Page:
Wednesday, February 5, 2014

DC Comics and Me#3

Art by Carlos Pacheco & Jesus Merino

Today is Part Three of my nostalgic review of my time as a DC Comics reader and how that is slowly coming to an end.

Click the links here for Part One and here for Part Two.

Now.....Up, Up, Up and Away! 

When I hit my mid-20's and I found myself with more disposable income and sadly no significant other to spend it on (everybody put on their sad faces), I actually became an even more voracious reader of comics than I had been when I was a kid. Instead of leaving the life of the comic book geek behind, I embraced it more fully, buying dozens of comics on a weekly basis. Mostly, it was DC Comics and the major driver that brought me to Acme Comics (the most amazing LCS in the world!) week after week was Superman.

Superman & the JLA by Jim Starlin
As I noted before, my comic book buying habits began in earnest with Superman and I continued to follow the Man of Steel in Superman, Action Comics, World's Finest, DC Comics Presents, Justice League of America and more. 

The appeal for me was not just Superman with all his powers and abilities but Clark Kent, the normal nebbish who no one suspected of being the most powerful person on the planet. Ask a lot of comic book reading people who found themselves isolated as kids and they'll tell you the appeal of super heroes was not just the escapist fantasies of powers unleashed but that as ordinary people, they had this other secret life that only they and a choice few knew about. As a boy, it gave me a valve for my loneliness. I imagined that like Clark Kent, I was something more underneath, something astonishing. And it was my secret.

But out of high school and into college, Superman began falling by the wayside. I was changing but Superman wasn't changing with me. In many ways, Superman was actually regressing with simpler stories just as my tastes grew more (for lack of a better word) sophisticated. 

Art by John Byrne
But after Crisis On Infinite Earths, something happened to Superman. Something big. John Byrne was coming to DC and take over Superman! 

Although a dyed in the wool DC guy, I read some Marvels. (My best friend in college was a Marvel guy. So I would buy my DC books and he would read them and likewise, he lent me the Marvel titles he purchased.) So I knew who John Byrne was and this was a BIG DEAL! 

So I had Acme Comics put the three Superman titles on my pull list. And what Byrne did with the Superman mythos was, to me, nothing short of astonishing. Clark Kent may have been mild mannered but he was no wimp. Superman was still powerful but not all-powerful. This was a Superman who was appealing not to the kid in me but to the actual twenty-something person I was. 

Art by Jerry Ordway 

Byrne's run on the Superman titles was too short; after two years, Byrne was back at Marvel. But the foundations had been laid and I was hooked. And Roger Stern made sure I stayed hooked. 

Of all the people who have written Superman pre-Crisis, post-Crisis and in the New 52, the one with the best grasp on Superman and his cast is Roger Stern. Working in tandem with writer/artist Jerry Ordway, Stern crafted the first great epic of the post-Crisis John Byrne Superman, a space faring journey that saw Superman exiled away from Earth but still holding on to the values of his adopted planet as he fought alien warlords on distant worlds.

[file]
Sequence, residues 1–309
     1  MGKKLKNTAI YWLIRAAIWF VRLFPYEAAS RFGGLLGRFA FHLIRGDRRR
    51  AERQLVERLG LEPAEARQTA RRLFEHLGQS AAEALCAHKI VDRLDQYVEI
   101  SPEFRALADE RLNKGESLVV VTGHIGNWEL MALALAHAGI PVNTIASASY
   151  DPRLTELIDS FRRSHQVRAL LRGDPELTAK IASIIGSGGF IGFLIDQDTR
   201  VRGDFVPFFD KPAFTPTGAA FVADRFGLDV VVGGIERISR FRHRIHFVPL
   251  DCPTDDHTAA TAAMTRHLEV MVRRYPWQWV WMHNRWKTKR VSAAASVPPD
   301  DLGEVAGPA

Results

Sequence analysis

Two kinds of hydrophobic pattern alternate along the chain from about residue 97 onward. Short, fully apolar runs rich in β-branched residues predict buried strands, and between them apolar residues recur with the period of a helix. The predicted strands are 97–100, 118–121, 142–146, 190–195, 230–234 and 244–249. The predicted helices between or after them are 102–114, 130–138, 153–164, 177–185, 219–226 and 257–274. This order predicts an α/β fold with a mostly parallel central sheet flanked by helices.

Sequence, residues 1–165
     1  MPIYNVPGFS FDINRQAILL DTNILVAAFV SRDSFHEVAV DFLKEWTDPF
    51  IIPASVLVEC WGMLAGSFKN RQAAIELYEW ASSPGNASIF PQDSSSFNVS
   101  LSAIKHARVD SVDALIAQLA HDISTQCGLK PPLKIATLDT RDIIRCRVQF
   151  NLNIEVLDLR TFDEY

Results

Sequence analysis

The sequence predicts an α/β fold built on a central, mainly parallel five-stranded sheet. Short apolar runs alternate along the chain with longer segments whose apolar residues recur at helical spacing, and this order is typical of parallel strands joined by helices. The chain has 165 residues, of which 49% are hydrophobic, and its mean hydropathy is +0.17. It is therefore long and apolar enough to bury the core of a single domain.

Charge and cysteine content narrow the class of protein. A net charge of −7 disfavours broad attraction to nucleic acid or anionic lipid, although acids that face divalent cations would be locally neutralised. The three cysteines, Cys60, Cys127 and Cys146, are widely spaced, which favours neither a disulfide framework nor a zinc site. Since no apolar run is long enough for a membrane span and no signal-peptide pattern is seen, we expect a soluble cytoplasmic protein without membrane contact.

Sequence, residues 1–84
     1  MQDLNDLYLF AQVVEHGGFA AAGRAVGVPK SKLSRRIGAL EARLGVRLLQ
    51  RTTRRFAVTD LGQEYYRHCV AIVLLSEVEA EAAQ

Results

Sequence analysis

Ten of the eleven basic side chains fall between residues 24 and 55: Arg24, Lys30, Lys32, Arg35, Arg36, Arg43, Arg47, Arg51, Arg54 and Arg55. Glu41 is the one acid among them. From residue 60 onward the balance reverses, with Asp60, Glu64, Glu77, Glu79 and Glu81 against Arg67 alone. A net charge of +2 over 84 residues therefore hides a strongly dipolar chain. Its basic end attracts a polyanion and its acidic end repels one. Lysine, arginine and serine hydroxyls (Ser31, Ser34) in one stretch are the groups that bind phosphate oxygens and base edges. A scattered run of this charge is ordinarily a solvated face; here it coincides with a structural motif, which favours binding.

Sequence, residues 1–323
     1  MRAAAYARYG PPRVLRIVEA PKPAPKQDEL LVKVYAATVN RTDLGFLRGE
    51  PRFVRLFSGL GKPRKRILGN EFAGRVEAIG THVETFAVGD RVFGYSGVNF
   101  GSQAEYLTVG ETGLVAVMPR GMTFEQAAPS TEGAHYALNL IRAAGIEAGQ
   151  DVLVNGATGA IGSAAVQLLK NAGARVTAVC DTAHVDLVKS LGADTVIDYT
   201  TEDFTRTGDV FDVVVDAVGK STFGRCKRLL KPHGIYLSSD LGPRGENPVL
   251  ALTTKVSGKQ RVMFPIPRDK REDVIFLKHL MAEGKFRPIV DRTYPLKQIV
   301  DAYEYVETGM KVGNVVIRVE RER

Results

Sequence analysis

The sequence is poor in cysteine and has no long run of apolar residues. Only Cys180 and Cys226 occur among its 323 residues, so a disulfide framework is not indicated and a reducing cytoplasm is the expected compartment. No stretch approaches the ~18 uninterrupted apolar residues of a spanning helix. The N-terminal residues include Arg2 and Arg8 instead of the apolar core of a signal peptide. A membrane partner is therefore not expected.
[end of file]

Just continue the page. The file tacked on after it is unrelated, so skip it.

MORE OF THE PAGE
Joining Stern and Ordway were writer/artist Dan Jurgens and writer Louise Simonson as this insanely talented quartet of writers produced some of the best, most imaginative Superman stories ever. With four titles, there was an excuse for me to come in almost every week. I needed my Superman fix. 

But all good things, yada, yada, yada...well, you know the drill. Roger Stern left and suddenly things seemed more, I don't know, frantic, I guess? Whereas Stern and editor Mike Carlin along with the other writers seemed to have a plan, without Stern and Carlin, there seemed to be more of a "making this up as we go along" vibe. There seemed to be a lack of direction, of purpose. 

Still, I persevered, remaining faithful to the Man of Steel, even when he became a blue body suited Man of Energy. God, THAT went on WAY too long! After about 12 years since John Bryne relaunched Superman, the titles got a bit of a shot in the arm courtesy of Jeph Loeb and Joe Kelly. Kelly, particularly, wrote some amazing Superman stories and I would certainly count him as part of my top 5 Superman writers (with Roger Stern at the top, of course). 

But wheels turn and people move on. Superman was a habit but it wasn't a fun one, at least not as much as it had been in the heady days under Stern, Ordway, Jurgens & Simonson.   

Infinite Crisis struck and the changes Byrne had wrought were undone. The Superman that John Byrne wowed me with and Roger Stern kept me riveted with was no more.

Art by Terry & Rachel Dodson

Still I valiantly held on with commendable work by Kurt Busiek and James Robinson. But Superman's hold on my heart was not what it once was.  

Then came the thing that made me completely stop reading Superman for the first time in over two decades. 


The writing was on the wall for Dave-El. 

To be continued. 

Birthday Lasagna

Yes, tomorrow is my birthday.   Sorry for the reflexive whining on the subject in today’s previous post. I’m afraid this post won’t be m...